A major compound in the commonly used spice turmeric boosts the growth of brain stem cells in both cell culture and rodents, a new study has found. While it is currently far too early to tell whether these results would translate to humans, the researchers suggest that this compound could be a promising candidate to promote brain cell regeneration in certain neurological disorders. The study has been published in the open access journal Stem Cell Research & Therapy.
The herb Curcuma longa, or turmeric, contains two major bioactive compounds: curcumin and aromatic (ar-) turmerone. The former has been found to exhibit antioxidant, anti-inflammatory and anti-cancer properties in various studies; in fact, over 1,700 papers on curcumin have been published in the last 50 years. It can also cross our brain’s protective shield, the blood-brain barrier, and play neuroprotective roles in certain neurological disorders. Furthermore, several lines of evidence have suggested it could be useful in the treatment of Parkinson’s disease.
Ar-turmerone, on the other hand, has been largely neglected by scientists. However, some studies have hinted that it may have anti-inflammatory properties and may help to block the activity of inflammatory brain cells, which are called microglia. Since the activation of these cells is associated with various neurodegenerative diseases and strokes, researchers are keen to probe its potential usefulness as a therapeutic agent.
To find out more, a team of researchers from the Institute of Neuroscience and Medicine in Jülich, Germany, investigated the effects of ar-turmerone on neural stem cells (NSCs). These cells self-renew and give rise to several types of brain cells including neurons and the star-shaped astrocytes. These cells have some ability to regenerate brain cells after injury, but whether this is sufficient to repair damage caused by neurodegenerative diseases such as Alzheimer’s remains contentious.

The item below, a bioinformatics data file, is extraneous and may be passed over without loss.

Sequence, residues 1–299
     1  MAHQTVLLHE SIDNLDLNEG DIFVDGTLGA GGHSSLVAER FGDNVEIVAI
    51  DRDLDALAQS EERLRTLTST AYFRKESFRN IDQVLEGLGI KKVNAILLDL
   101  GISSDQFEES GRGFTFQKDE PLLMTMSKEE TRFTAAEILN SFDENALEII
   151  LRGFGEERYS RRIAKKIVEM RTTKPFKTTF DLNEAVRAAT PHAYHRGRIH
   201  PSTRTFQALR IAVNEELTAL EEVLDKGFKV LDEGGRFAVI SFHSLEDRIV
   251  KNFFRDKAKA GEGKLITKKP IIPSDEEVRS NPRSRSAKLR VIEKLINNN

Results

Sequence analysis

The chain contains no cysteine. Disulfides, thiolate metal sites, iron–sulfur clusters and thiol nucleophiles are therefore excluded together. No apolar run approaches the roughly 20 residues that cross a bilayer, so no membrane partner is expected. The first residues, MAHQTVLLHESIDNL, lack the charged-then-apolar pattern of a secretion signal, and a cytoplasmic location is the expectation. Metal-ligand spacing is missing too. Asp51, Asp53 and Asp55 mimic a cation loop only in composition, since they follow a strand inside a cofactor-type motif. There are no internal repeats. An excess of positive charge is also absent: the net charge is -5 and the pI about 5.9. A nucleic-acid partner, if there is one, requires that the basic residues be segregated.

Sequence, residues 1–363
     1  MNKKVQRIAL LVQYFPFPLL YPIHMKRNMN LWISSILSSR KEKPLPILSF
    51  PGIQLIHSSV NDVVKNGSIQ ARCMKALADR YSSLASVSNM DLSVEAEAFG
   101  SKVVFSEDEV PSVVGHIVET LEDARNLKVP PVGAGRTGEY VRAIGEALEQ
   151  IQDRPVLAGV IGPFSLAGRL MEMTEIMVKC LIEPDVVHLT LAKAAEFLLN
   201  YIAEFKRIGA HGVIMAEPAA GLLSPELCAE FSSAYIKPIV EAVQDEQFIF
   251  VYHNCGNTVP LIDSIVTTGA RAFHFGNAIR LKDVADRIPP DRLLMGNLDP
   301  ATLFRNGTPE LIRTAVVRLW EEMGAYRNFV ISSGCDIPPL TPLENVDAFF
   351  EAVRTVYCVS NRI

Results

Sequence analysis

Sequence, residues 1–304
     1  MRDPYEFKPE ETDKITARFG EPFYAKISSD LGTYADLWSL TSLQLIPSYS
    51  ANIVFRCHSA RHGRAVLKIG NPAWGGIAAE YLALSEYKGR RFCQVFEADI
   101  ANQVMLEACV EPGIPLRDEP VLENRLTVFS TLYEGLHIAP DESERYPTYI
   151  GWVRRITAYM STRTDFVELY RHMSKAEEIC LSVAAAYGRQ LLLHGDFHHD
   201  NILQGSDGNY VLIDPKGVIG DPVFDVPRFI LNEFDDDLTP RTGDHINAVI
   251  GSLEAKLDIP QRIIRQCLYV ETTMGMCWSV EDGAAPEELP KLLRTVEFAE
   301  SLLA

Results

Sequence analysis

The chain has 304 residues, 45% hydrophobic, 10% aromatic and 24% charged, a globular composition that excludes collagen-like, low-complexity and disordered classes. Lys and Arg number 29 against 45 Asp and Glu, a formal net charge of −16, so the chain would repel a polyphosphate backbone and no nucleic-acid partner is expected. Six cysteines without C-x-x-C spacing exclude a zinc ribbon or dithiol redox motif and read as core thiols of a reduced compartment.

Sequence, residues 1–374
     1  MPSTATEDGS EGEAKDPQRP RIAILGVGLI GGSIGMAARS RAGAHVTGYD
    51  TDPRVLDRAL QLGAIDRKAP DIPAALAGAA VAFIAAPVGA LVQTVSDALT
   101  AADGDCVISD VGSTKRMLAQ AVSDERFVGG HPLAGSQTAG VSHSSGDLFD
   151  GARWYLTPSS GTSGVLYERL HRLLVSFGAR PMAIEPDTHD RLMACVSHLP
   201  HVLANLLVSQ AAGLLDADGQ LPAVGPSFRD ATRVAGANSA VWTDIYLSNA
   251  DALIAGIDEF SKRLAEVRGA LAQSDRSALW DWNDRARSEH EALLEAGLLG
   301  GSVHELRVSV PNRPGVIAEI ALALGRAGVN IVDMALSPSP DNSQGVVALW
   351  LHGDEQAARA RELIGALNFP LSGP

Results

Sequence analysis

For the study, the team first exposed rat NSCs in a dish to six different concentrations of ar-turmerone for 72 hours. They found that it increased cell proliferation in a dose-dependent manner, i.e. the more ar-turmerone that was added, the more the cells divided. Certain concentrations even boosted proliferation by up to 80% when compared with control cells.
Next, the researchers injected the compound directly into the brains of adult rats and analyzed the subsequent activity of NSCs by positron emission tomography (PET) imaging. Once again, the extracts increased the growth and development of NSCs into different cell types when compared with control mice.
According to lead researcher Maria Reuger, these results could indicate that ar-turmerone may be able to boost the effectiveness of stem cells, which could in turn boost brain repair. However, it’s far too early to tell at this stage whether these results translate to people. Furthermore, this study did not investigate whether this enhanced stem cell proliferation and development would make meaningful differences in rats with neurodegenerative diseases. So please do not take these results to mean “A curry a day keeps Alzheimer’s away,” as the Daily Mail would have you believe. Furthermore, as the NHS points out, it is well-recognized that boosting stem cell growth carries some risk of tumor development.
While these results may indicate that ar-turmerone could constitute a promising therapeutic candidate for certain neurologic disorders, further studies are needed to support this.